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From the Country Standard Time Archives

Slaid Cleaves leaves his mark

By Jeffrey B. Remz

Slaid Cleaves could be described as being in the Steve Earle School of Country. He's got a similarly styled voice, though less gritty. And Cleaves, a former Maine resident, who moved to Austin about a decade ago, also has a slew of story songs.

No need to worry that CLeaves is merely a clone without his own reserve of talent.

Far from it.

Still touring behind his very strong "Broke Down" release of two years ago on Philo/Rounder, Cleaves offered one very strong show of almost two hours in two sets. For starters, his voice carries each and every song with most being more on the uptempo side. But even on slower songs, Cleaves possesses enough timbre to do the job.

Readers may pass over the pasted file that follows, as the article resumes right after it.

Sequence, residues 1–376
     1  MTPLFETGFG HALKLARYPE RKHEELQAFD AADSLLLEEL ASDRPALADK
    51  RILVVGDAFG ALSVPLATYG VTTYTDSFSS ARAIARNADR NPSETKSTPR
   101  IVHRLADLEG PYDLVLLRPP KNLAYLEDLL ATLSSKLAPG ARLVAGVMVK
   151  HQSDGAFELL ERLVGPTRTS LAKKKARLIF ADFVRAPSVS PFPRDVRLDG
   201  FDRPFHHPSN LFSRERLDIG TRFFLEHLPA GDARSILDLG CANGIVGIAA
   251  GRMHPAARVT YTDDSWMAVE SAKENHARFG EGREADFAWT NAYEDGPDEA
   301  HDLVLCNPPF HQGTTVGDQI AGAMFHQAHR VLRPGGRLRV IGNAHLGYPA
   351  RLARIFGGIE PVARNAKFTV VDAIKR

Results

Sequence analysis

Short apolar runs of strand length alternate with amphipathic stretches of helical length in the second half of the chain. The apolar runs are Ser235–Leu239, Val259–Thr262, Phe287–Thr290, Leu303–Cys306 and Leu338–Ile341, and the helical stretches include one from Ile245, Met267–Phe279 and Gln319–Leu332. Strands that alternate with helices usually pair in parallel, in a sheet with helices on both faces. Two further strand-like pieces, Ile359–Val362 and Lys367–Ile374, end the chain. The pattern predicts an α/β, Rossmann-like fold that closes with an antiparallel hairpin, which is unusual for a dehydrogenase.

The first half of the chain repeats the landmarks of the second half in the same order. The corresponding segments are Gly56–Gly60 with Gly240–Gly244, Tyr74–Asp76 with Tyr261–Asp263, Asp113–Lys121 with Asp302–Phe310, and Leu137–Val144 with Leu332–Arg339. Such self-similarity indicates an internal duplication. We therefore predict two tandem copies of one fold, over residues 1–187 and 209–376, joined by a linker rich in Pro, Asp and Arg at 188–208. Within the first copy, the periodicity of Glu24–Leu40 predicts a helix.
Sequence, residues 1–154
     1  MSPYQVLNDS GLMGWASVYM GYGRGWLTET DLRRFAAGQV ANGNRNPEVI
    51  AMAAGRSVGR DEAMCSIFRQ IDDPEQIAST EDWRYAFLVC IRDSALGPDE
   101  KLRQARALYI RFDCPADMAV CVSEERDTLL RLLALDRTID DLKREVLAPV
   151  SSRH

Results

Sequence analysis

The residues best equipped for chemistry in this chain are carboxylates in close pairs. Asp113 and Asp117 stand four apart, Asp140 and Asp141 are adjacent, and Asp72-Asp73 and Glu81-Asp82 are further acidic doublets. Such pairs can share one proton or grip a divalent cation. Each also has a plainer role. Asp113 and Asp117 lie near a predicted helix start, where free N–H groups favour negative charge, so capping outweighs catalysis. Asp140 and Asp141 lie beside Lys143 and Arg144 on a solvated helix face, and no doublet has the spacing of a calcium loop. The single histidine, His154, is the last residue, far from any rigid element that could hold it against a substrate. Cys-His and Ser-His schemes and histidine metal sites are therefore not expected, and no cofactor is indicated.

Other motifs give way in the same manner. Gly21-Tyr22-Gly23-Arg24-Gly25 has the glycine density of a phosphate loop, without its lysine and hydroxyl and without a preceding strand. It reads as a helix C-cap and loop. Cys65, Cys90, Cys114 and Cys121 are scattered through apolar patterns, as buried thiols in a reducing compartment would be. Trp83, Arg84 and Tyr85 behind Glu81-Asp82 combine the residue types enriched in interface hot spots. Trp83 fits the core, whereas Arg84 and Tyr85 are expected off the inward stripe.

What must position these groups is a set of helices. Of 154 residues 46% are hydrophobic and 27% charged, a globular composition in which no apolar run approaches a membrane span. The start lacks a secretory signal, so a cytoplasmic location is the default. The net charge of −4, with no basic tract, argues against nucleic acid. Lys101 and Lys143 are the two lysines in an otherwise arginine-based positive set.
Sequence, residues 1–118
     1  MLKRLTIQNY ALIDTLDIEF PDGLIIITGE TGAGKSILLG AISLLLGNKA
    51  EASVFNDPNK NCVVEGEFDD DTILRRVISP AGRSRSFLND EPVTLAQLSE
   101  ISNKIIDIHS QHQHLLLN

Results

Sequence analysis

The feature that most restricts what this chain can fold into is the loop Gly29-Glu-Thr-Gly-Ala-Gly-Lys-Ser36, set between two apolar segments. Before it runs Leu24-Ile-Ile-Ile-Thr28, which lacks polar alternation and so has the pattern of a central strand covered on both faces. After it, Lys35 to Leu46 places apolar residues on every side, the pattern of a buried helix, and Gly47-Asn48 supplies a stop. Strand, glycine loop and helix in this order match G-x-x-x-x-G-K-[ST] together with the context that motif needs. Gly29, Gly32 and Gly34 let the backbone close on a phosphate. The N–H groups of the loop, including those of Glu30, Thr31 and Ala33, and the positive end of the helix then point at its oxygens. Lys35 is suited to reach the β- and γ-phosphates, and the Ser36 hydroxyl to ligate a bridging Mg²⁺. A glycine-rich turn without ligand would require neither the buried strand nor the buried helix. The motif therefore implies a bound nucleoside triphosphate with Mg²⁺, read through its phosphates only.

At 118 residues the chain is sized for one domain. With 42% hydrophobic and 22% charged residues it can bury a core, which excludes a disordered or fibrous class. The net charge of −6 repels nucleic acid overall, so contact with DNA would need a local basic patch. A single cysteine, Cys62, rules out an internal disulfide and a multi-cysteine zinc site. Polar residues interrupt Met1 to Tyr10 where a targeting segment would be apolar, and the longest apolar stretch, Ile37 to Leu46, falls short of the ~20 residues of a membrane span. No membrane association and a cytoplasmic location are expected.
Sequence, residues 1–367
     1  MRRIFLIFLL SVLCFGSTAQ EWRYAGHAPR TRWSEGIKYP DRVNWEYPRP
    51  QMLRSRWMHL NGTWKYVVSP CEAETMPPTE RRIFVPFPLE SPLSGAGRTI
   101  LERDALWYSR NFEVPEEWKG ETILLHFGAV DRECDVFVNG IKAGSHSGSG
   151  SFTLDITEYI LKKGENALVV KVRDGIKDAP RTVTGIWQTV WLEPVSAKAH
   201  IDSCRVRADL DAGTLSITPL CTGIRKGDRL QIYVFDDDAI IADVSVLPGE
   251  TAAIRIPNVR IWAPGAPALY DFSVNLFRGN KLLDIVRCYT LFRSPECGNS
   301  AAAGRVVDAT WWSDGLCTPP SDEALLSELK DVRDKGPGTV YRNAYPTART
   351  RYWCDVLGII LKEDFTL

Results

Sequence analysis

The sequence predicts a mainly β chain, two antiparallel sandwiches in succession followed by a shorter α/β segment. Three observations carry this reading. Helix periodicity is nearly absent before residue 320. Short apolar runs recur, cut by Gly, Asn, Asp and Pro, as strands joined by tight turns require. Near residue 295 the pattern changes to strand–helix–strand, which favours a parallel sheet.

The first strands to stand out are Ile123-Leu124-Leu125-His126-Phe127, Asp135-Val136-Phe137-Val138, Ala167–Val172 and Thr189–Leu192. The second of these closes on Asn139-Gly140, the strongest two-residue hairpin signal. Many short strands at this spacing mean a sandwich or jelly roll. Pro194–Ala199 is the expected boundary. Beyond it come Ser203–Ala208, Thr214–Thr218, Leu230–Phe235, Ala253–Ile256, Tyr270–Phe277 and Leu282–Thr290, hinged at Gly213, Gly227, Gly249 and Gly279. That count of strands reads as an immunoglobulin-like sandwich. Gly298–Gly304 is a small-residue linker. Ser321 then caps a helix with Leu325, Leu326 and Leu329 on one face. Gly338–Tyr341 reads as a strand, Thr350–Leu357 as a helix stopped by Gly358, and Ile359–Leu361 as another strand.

Cleaves excells in telling stories whether about the death of his friend in "29," where he plaintively asks "When you died at 29/you heard the voice of angels/but did you hear the lonesome cries of the ones you left behind."

Cleaves has a bunch of downer songs, but that did not make for a downer of an evening. He has a bit of a wry sense of humor, indicating that his late friend had some things in common with Hank Williams, like dying at the same age.

Williams is an influence on Cleaves and turned in fine covers of Williams and others. He does not go by the numbers on any song.

Cleaves was capably backed by a three-piece unit, including two New England residents, who nly very occasionally play with him, but Bruce Derr on steel and guitar and Kevin Guyer on upright bass did a good job as did fiddler Eleanor Whitmore.

Karen Poston, better known as a drummer in Austin, opened the show with two guitarists in an acoustic-flavored country outing. Poston's singing was superior to that on her album, "Real Bad." She probably could use more polish, but she turned in a good performance on a stellar night of music.